Scanning transparencies

Bill S

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Slides? Overheads? Positives? Negatives?
 

overscan (PaulMM)

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Well, you need a scanner that supports transparencies, but thats pretty much all of them. You normally take off the inner part of the scanner lid, and place a plastic frame on the scanner which holds the slide(s) in position. You sometimes have to change mode in the scanner to select the source correctly. Then you scan at the absolute highest resolution possible (as the slide is small).

You often get dust and stuff on the scan, thats a whole other problem. You can wipe the original a bit before scanning, but also some postproduction techniques can help remove it.

We probably need more info on what you trying to do.
 

Jemiba

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To my experience, based on 25 x 36 mm slides, even with the highest res quality is
insufficient, so there's the need for a dedicated slide scanner (prices from around 80,- €
to 600,- €). Apart from the scan quality, there's the question of handling and if you have
to scan large numbers of slides a professional scan service may be advisable.
 

Bill S

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Slide scanner is the only way to go to get the best if you are
thinking of preservation or publication.

I have a Nikon Coolscan which is actually the second I bought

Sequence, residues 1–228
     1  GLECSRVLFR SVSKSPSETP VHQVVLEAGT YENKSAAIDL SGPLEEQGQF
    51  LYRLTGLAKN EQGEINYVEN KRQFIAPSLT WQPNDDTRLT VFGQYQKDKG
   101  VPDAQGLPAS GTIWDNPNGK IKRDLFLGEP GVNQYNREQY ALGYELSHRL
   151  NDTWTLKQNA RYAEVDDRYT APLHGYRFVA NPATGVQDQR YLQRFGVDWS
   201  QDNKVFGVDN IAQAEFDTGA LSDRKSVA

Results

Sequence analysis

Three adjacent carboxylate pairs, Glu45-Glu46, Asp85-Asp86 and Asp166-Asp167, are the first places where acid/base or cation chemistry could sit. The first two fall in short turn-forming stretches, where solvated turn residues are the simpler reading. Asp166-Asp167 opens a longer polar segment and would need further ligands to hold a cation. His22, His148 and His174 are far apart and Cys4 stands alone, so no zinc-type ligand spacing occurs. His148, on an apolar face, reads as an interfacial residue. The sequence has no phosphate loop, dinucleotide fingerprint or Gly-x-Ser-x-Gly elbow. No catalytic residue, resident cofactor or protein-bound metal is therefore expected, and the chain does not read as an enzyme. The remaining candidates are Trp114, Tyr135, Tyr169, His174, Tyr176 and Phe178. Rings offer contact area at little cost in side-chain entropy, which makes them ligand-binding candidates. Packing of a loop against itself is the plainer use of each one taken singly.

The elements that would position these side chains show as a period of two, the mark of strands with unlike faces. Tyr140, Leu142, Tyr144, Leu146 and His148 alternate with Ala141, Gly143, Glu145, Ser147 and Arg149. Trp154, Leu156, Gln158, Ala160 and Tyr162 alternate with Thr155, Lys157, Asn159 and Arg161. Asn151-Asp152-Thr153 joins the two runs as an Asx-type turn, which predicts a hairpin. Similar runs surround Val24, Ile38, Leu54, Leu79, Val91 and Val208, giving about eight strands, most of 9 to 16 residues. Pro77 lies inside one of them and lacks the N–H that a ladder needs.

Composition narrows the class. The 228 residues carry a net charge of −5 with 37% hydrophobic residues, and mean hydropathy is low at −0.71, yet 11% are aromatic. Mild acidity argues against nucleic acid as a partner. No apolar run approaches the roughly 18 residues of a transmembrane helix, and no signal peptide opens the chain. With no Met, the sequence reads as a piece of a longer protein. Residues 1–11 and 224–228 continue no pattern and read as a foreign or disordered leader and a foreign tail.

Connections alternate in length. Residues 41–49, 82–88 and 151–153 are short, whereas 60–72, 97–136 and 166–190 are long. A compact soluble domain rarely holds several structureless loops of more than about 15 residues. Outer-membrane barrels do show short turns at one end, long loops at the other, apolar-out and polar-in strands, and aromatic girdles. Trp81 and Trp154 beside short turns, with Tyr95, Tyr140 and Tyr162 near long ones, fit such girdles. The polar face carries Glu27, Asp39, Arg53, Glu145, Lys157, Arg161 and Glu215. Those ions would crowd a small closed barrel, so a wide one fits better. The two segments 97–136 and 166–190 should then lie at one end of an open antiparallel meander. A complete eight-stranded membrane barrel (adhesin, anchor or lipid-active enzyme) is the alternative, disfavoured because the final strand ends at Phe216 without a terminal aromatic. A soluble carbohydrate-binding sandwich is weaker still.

I got a single slide version first, and really needed a feeder
for the number of slides I have to scan, so I upgraded.

I have the first one in storage, someday someone will
get a good deal on that one.
 

Steve Pace

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overscan said:
Well, you need a scanner that supports transparencies, but thats pretty much all of them. You normally take off the inner part of the scanner lid, and place a plastic frame on the scanner which holds the slide(s) in position. You sometimes have to change mode in the scanner to select the source correctly. Then you scan at the absolute highest resolution possible (as the slide is small).

You often get dust and stuff on the scan, thats a whole other problem. You can wipe the original a bit before scanning, but also some postproduction techniques can help remove it.

We probably need more info on what you trying to do.
I'm trying to scan a 4x5in transparency.
 

Bill S

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XB-70 Guy said:
overscan said:
Well, you need a scanner that supports transparencies, but thats pretty much all of them. You normally take off the inner part of the scanner lid, and place a plastic frame on the scanner which holds the slide(s) in position. You sometimes have to change mode in the scanner to select the source correctly. Then you scan at the absolute highest resolution possible (as the slide is small).

You often get dust and stuff on the scan, thats a whole other problem. You can wipe the original a bit before scanning, but also some postproduction techniques can help remove it.

We probably need more info on what you trying to do.
I'm trying to scan a 4x5in transparency.
I have an Epson V700 with film holders for items that size and larger.
 
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